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8.Pictures of lighthouses: Spring Point Ledge Light
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Spring Point Ledge Light is a spark plug-type lighthouse in South Portland, Maine, the only caisson-style lighthouse in the U.S. open to visitors. The lighthouse warns of a dangerous barrier on Spring Point Ledge on the main channel into Portland Harbor. It is located on the breakwater next to what is now the Southern Maine Community College campus.
The lighthouse was built in 1897 next to old Fort Preble and had a fog bell and a lantern with a Fifth Order Fresnel lens. It was electrified in 1934. A 900-foot breakwater was built in 1951 to connect the lighthouse and the mainland. Since it opened to the public in 1999, the lighthouse has become a popular tourist destination.
2 Fort Road, Southern Maine Community College Campus, South Portland, ME 04106, Phone: 866-570-5706
9.Maine Lighthouses: Seguin Island Light
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Historic Seguin Island Lighthouse is located on picturesque Seguin Island at the mouth of the Main’s Kennebec River. The original lighthouse was built in 1795, and the existing cylindrical lighthouse was constructed of granite blocks in 1857.
Originally, the lighthouse used kerosene Incandescent Oil Vapor lamp, which was replaced with a 282 prism Fresnel lens together with a 1,000-watt high-powered electrical bulb. The light can be seen for more than 20 nautical miles. It is the only First Order Fresnel lens still used in Maine. Seguin Light is registered on the National Register of Historic Places and is open to the public.
Friends of Seguin Island Light Station, 72 Front Street, Suite 3, Bath, Maine 04530, Phone: 207-443-4808
The 10th best Maine lighthouse: Egg Rock Light in Bar Harbor, Maine.
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10 Best Maine Lighthouses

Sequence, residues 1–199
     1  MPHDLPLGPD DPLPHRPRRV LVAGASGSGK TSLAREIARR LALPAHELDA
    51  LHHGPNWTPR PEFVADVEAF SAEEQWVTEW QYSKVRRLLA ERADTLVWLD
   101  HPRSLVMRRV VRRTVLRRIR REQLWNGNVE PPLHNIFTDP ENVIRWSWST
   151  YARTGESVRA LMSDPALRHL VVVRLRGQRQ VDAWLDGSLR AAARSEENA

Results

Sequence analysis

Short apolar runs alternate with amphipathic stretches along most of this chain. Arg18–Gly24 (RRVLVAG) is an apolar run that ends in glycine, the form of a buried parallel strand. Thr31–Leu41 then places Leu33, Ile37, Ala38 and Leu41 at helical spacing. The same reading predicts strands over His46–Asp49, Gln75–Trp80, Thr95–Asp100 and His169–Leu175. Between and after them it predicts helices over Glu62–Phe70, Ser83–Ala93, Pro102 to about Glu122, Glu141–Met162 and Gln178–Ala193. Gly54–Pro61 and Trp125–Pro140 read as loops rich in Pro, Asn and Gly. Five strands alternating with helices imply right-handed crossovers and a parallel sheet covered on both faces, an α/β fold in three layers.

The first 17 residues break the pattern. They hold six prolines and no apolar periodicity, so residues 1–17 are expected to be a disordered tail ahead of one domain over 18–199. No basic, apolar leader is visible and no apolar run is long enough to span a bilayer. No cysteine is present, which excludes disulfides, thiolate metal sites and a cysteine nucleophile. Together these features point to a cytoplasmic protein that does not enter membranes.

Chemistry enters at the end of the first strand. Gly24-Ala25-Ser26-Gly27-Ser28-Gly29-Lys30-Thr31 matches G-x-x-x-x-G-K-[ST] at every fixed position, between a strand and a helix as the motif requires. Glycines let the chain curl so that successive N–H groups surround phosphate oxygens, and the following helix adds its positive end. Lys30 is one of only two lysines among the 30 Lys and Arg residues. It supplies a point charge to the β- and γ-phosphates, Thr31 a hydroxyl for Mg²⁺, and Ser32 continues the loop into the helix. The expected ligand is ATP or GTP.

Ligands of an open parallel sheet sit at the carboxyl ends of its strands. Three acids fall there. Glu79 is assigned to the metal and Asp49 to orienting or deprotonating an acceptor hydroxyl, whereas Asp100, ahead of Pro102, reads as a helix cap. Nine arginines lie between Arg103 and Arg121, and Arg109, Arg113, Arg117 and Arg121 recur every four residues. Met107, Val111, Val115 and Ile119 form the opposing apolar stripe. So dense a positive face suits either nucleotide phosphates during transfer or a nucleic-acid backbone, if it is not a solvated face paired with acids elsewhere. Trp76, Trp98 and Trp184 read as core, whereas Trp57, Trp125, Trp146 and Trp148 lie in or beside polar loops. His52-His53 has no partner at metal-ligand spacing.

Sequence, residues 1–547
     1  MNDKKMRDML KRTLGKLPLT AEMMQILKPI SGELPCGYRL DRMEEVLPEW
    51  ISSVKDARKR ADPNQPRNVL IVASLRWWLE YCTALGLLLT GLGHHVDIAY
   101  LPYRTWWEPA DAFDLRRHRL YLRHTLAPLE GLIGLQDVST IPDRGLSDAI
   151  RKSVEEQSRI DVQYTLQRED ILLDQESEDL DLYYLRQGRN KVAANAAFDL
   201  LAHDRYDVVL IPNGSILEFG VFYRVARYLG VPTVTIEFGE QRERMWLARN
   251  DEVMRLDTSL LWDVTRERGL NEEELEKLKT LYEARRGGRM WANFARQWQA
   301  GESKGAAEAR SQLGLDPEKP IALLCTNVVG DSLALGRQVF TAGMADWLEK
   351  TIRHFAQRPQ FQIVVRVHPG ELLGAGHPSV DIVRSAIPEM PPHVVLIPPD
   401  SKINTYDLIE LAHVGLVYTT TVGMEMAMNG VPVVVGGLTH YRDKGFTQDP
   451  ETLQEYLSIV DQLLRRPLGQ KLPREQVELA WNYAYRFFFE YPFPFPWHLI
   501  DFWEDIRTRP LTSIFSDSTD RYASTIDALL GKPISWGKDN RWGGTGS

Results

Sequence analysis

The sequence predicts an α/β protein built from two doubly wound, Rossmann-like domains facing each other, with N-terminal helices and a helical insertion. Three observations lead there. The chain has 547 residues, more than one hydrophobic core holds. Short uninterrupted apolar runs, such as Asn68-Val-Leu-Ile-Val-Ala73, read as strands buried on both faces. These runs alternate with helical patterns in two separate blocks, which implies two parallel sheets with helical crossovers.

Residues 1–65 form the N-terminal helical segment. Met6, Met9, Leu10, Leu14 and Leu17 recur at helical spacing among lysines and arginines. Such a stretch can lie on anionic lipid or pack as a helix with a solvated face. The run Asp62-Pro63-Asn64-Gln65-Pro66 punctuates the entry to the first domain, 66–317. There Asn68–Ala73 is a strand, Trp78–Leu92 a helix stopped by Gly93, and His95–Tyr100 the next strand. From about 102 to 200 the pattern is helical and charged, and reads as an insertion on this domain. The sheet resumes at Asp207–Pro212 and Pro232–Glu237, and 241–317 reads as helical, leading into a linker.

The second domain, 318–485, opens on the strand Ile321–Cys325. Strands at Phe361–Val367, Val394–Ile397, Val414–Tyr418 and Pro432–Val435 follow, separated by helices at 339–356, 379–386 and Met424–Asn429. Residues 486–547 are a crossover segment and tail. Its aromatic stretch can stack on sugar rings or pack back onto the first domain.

More Ideas: Bay of Fundy
Often considered one of the seven wonders in North America, The Bay of Fundy is located in New Brunswick, Canada. Home to some of the rarer whales on the planet as well as the highest tides and frequent findings of rare dinosaur fossils and semi-precious minerals, the bay is a must see for anyone wanting to experience the full beauty the world has to offer.
The Bay of Fundy is located at the halfway point between the north pole and the equator on the east coast of Canada. It was declared as the place on earth with the highest tides by the Guinness Book of World Records in 1975 and is a protected tidal ecosystem and world geological site.
Although many tourists choose to just experience the bay on their own time without a schedule, there are a few more structured experiences that have been reported to be favorites of visitors.
One of those is Island Quest Marine. This boat tour will lead guests around the highlights of the bay by sea, allowing them to actually experience the tides themselves. There are also world class sighting potential of both rare whales and other wildlife. Boats will travel past small islands in the bay that are alive with birds, before showing them aquaculture-based fish farms and herring weirs.